case 'intkey'://intkey
default: //intkey
inputs.push(INT_KEY_NAMESPACE + _hash(payload.Name).slice(-64))
outputs.push(INT_KEY_NAMESPACE + _hash(payload.Name).slice(-64))
payloadBytes = cbor.encode(payload)
TPs are expecting properly formatted payloads in properly signed and addressed batches. Depending on how the TP is made will determine the type of payload it is expecting. IntKey expects a concise binary object representation (cbor) while emission records uses a standard utf-8 buffer available in node.
Depending on which TP is intended will determine the addressing scheme. Both of these transactions only take the same input and write to the same output. To build reference tables and utilize internal data dependencies for these addressing schemes will also require more addresses to be added to these input and output arrays.
Now that we have out payload encoded for each of their possible TPs let's look at how signing occurs.
index.js [3]
const transactionHeaderBytes = protobuf.TransactionHeader.encode({
familyName: || 'intkey', //can these be arrays? this could be a goverenace limitation
familyVersion: req.query.version || '1.0',
inputs: inputs,
outputs: outputs,
signerPublicKey: signer.getPublicKey().asHex(),//public keys for signers
batcherPublicKey: signer.getPublicKey().asHex(),//'signer' is batch processor key
dependencies: [],
payloadSha512: createHash('sha512').update(payloadBytes).digest('hex')
const signature = signer.sign(transactionHeaderBytes)//sign header bytes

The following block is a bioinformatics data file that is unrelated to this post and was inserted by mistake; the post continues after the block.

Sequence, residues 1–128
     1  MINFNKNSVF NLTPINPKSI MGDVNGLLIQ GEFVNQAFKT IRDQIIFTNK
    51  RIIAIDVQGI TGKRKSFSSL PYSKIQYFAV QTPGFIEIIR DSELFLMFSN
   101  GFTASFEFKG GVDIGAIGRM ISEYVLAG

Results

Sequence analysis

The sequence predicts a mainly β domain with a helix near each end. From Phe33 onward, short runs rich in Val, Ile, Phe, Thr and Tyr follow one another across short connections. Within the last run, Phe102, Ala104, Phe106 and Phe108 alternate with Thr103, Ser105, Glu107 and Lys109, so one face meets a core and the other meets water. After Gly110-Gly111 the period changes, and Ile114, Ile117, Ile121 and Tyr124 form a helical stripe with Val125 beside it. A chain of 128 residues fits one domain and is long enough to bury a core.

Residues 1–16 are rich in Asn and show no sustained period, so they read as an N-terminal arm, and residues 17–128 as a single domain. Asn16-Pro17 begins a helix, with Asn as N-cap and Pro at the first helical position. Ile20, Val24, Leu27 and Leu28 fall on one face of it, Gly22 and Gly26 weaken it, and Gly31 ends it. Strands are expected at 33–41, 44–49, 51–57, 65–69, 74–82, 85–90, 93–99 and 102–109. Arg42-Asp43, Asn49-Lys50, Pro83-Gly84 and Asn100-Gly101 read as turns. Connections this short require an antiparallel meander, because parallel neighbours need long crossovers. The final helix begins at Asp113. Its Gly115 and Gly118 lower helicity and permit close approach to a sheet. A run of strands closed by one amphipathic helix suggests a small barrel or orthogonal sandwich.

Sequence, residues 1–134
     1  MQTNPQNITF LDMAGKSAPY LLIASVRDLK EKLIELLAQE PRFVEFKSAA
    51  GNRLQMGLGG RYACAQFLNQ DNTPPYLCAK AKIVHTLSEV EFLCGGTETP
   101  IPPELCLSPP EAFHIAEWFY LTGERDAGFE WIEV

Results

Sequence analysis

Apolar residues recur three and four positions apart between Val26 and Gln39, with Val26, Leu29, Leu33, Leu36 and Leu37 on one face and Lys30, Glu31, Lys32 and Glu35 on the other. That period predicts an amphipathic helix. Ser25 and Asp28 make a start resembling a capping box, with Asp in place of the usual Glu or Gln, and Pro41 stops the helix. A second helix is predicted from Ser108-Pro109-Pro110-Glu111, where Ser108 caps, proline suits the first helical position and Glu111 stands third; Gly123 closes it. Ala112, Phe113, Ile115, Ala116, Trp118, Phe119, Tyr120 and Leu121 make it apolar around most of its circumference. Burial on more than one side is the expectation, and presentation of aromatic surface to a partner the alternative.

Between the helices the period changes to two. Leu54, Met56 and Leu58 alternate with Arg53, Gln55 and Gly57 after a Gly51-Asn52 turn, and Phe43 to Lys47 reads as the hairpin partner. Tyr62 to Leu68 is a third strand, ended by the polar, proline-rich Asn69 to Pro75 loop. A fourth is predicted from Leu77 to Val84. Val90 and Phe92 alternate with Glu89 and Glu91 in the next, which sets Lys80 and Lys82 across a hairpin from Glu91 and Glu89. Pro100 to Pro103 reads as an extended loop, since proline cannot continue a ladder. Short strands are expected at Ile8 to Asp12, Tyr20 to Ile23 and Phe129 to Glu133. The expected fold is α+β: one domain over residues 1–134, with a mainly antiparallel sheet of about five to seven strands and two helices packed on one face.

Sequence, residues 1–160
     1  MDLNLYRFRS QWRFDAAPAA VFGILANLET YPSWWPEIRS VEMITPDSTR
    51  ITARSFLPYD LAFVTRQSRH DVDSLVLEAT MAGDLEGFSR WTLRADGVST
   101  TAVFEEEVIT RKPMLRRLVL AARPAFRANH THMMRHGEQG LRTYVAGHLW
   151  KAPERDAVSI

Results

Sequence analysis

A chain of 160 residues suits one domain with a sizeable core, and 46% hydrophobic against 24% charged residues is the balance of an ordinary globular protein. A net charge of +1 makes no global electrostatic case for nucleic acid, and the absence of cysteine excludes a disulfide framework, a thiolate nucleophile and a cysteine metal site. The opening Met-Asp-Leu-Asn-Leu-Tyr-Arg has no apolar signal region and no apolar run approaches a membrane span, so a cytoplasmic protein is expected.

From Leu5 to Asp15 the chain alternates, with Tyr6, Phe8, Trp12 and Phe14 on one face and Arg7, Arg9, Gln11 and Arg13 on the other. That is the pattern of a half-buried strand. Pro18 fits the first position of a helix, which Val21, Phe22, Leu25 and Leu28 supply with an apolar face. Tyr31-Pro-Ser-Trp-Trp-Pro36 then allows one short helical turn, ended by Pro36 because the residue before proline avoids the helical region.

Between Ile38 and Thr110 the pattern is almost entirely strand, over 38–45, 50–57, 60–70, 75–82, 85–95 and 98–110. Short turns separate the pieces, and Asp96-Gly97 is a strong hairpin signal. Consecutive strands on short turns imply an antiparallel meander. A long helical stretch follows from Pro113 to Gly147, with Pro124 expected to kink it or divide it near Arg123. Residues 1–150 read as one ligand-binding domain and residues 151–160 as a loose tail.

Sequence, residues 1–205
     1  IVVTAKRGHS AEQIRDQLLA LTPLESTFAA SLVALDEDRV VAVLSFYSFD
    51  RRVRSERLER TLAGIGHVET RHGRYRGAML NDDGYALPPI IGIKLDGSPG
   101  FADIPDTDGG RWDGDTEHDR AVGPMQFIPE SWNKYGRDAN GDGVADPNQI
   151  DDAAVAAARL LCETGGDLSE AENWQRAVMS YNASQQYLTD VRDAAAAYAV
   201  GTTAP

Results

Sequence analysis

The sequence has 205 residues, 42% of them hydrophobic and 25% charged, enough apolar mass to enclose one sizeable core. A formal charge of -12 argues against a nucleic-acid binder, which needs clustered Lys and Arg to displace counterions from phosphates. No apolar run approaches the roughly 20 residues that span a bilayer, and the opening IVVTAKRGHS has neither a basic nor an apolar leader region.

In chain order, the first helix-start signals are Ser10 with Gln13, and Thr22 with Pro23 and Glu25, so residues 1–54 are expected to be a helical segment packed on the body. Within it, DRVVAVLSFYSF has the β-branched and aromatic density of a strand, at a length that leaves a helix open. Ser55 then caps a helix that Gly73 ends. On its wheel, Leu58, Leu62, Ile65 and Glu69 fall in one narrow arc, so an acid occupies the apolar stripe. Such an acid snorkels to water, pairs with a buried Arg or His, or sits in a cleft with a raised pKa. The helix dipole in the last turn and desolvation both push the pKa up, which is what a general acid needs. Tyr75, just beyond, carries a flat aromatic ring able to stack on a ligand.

const transaction = protobuf.Transaction.create({
header: transactionHeaderBytes,
headerSignature: signature,
payload: payloadBytes
}) //
const transactions = [transaction] //can include multiple in batch
const batchHeaderBytes = protobuf.BatchHeader.encode({
signerPublicKey: signer.getPublicKey().asHex(),
transactionIds: => txn.headerSignature),
const bsignature = signer.sign(batchHeaderBytes)
const batch = protobuf.Batch.create({
header: batchHeaderBytes,
headerSignature: bsignature,
transactions: transactions
const batchListBytes = protobuf.BatchList.encode({
batches: [batch]
All that's left to do is send off the batch to our sawtooth api running normally at port 8008
index.js [4]{
url: '',
body: batchListBytes,
headers: { 'Content-Type': 'application/octet-stream' }
}, (err, response) => {
var link = JSON.parse(response.body).link
if (err) {
res.setHeader('Content-Type', 'application/json');
res.send(JSON.stringify({ payload, err, res: response.body }, null, 3))
} else {
if (link) {
console.log('Followed: ' + link)
url: link
}, (e, r) => {
if (e) return console.log(e)
res.setHeader('Content-Type', 'application/json');
var body = JSON.parse(r.body)
var link =,
res.send(JSON.stringify({ payload, inputs, outputs, data:, link }, null, 3))
} else {
res.setHeader('Content-Type', 'application/json');
res.send(JSON.stringify({ payload, inputs, outputs, body: JSON.parse(response.body) }, null, 3))
Following which the confirmation/status link is re-wrapped and returned to the user.